November 30, 2010

The 2011 Right Field Job

Unlike the other offensive positions I highlighted as areas for improvement - catcher and shortstop - the Pirates actually got decent production out of their right fielders in 2010. As in below average, but not laughable. Pirates right fielders combined to hit .262/.330/.428 with 20 home runs, 78 RBI, and 70 runs scored. This is not too far off from the average MLB team which got production of .270/.342/.442, 84 runs, 21 home runs, and 85 RBI.

Unfortunataely, those statistics are misleadingly high and won't be repeated if some combination of the same guys return in 2011. Garrett Jones and Lastings Milledge each compiled an OPS over 100 points higher while playing right field than overall, a trend that won't continue. Another good sign that the Pirates don't have a starting right fielder: they used six different men for at least 15 starts at the position. Jones (46 starts) and Milledge (41) led the way; also getting significant playing time were Ryan Church (23), Delwyn Young (16), Ryan Doumit (17), and John Bowker (15). Baseball Reference reckons that all but Bowker played below average defense, which seems right to my eye.Andrew McCutchen and Jose Tabata will likely combine for around 25 home runs next year in left field and center field, which is fine, but it also means the Pirates need a power bat in right field.


Garrett Jones (.247/.306/.414) will be back in 2011. I think he can be an asset to the team as a backup at first base, left field, right field, and de facto at center field since he could play left with Tabata moving over. It's a long and injury-filled season and a guy in that role usually comes to bat 250 to 350 times, which is fine for Jones. But as a below average hitter and fielder for every position he plays, he just shouldn't be a 654 plate appearance core starter as he was in 2010. He's the type of component player that most playoff teams have - on their bench.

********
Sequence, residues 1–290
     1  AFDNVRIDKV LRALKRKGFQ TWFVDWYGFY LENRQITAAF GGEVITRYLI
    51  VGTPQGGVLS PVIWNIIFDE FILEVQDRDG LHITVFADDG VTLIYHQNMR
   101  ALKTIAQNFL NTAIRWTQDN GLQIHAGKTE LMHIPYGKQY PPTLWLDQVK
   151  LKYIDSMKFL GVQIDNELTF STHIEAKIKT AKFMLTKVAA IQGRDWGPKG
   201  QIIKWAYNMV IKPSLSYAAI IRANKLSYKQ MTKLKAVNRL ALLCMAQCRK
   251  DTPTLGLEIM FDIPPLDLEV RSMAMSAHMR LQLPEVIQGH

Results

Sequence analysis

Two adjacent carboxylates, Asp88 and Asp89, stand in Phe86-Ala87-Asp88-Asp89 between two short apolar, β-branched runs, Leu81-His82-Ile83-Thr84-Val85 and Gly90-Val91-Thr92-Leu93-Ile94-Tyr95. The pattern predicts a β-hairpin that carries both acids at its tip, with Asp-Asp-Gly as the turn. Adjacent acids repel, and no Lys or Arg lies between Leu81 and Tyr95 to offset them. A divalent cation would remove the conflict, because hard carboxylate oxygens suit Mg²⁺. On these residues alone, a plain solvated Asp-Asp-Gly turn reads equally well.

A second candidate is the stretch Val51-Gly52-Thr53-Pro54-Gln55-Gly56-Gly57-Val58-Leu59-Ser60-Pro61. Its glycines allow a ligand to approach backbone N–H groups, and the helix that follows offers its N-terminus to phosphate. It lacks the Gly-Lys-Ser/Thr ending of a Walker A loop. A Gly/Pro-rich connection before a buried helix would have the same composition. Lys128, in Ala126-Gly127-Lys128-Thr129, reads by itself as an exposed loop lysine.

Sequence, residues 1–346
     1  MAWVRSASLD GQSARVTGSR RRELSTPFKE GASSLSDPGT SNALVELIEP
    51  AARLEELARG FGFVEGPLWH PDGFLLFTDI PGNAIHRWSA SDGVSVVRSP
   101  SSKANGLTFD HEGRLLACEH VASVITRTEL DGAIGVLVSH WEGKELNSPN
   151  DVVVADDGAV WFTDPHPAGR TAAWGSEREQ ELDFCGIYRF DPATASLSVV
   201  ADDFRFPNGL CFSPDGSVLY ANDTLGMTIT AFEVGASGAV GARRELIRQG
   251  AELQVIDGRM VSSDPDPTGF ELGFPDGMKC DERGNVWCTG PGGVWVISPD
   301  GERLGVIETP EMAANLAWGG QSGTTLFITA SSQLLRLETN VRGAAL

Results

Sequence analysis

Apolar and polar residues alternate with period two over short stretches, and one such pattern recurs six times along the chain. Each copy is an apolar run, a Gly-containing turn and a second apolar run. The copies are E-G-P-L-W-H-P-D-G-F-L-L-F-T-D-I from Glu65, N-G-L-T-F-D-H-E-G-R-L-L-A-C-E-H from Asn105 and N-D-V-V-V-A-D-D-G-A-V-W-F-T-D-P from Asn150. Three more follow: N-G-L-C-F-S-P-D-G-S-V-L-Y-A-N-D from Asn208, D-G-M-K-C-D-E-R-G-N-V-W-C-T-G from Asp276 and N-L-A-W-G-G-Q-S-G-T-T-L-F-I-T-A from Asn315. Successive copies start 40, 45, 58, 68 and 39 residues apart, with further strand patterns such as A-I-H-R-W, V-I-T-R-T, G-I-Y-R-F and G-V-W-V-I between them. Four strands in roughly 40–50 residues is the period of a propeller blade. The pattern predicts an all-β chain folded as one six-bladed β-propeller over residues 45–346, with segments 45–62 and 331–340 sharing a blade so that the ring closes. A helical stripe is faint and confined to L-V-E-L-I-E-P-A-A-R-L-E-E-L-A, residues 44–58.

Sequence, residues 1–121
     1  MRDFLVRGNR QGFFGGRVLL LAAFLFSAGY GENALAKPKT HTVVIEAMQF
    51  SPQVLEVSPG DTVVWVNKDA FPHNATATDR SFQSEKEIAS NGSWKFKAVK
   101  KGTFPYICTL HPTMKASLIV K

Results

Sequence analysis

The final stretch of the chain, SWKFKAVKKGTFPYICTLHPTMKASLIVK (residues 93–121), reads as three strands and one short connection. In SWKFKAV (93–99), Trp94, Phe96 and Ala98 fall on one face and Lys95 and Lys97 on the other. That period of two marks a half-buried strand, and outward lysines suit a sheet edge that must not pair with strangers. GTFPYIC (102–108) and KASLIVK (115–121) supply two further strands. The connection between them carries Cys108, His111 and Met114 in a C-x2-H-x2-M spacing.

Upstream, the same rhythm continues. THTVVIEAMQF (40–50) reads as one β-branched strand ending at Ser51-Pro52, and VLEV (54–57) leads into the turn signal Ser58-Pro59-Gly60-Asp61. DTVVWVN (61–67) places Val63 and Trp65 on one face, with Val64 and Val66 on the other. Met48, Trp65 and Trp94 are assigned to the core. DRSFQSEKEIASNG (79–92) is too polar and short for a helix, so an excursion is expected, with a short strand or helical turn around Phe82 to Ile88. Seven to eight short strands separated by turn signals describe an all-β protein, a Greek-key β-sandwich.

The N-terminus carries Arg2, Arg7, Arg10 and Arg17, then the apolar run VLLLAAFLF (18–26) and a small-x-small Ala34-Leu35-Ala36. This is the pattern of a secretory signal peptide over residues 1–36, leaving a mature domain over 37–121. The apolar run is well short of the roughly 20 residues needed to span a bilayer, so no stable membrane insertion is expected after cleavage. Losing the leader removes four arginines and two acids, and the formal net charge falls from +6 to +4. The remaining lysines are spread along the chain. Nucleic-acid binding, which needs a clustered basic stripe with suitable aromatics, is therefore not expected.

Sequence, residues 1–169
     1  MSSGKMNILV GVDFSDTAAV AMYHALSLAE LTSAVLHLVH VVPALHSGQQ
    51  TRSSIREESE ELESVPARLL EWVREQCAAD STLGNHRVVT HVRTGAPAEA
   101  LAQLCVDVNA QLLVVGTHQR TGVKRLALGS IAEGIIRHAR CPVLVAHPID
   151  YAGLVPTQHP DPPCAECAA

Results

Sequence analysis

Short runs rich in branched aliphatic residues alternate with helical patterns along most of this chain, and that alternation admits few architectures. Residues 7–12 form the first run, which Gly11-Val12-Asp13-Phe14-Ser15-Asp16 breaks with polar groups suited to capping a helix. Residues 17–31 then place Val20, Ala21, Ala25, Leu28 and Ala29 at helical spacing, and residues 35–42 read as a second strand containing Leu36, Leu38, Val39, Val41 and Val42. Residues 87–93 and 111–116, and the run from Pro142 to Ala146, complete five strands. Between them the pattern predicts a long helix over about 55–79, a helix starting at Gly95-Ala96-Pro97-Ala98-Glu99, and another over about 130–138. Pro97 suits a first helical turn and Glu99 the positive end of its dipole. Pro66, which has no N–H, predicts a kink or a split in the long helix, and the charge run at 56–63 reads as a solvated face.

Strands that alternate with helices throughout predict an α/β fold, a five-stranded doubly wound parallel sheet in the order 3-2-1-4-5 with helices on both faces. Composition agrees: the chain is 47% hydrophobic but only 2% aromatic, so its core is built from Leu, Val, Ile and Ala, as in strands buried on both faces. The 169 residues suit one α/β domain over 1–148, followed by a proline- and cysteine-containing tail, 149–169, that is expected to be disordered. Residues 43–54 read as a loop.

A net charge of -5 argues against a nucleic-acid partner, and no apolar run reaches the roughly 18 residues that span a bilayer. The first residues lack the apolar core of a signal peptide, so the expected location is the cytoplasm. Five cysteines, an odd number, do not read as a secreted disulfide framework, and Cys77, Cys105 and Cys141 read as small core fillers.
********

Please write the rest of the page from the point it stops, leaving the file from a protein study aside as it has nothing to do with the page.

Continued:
Lastings Milledge (.277/.332/.380) is one of the most maddening players I have ever seen. He is an above average contact hitter but he has mediocre on base skills because he can't or won't work the count. He has excellent speed - I doubt McCutchen would beat him by much in a 100 yard dash if at all - but is an awful baserunner because he constantly gets thrown out on ill-advised attempts to advance to third base. He consistently takes the wrong routes to balls in the outfield, resulting in poor range even though he must be one of the fastest corner outfielders in the league. And he has decent arm strength but a slow release, giving him a below average arm. Lastings Milledge is like preparing a meal of USDA Prime Porterhouse, Potatoes Au Gratin, and Asparagus with Hollandaise Sauce, and pairing it with a 60 dollar bottle of Robert Mondavi Oakville Cabernet Sauvignon, and he is like that meal because that meal should not be a starting outfielder in 2011.

John Bowker (.232/.312/.391) is a great AAA hitter but in 590 MLB plate appearances has never done anything to suggest he should be anything more than a fifth outfielder in the major leagues. With Tabata's ability to play center field, the Pirates can get by with two reserve outfielders who can only play left and right; furthermore, he won't get an arbitration raise like Milledge and he at least looks on the field like a guy who has played baseball before. I would go with Jones as a fourth outfielder/first base backup and Bowker as the fifth outfielder, with Milledge traded or non-tendered.